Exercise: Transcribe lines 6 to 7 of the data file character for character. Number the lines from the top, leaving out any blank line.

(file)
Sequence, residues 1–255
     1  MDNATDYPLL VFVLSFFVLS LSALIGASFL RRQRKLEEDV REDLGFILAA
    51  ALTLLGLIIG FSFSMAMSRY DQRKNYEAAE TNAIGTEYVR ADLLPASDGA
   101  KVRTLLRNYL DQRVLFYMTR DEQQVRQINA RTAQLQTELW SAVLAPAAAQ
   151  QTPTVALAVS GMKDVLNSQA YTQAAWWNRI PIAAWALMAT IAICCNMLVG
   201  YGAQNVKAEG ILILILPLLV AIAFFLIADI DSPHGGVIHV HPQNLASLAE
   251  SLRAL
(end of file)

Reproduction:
   201  YGAQNVKAEG ILILILPLLV AIAFFLIADI DSPHGGVIHV HPQNLASLAE
   251  SLRAL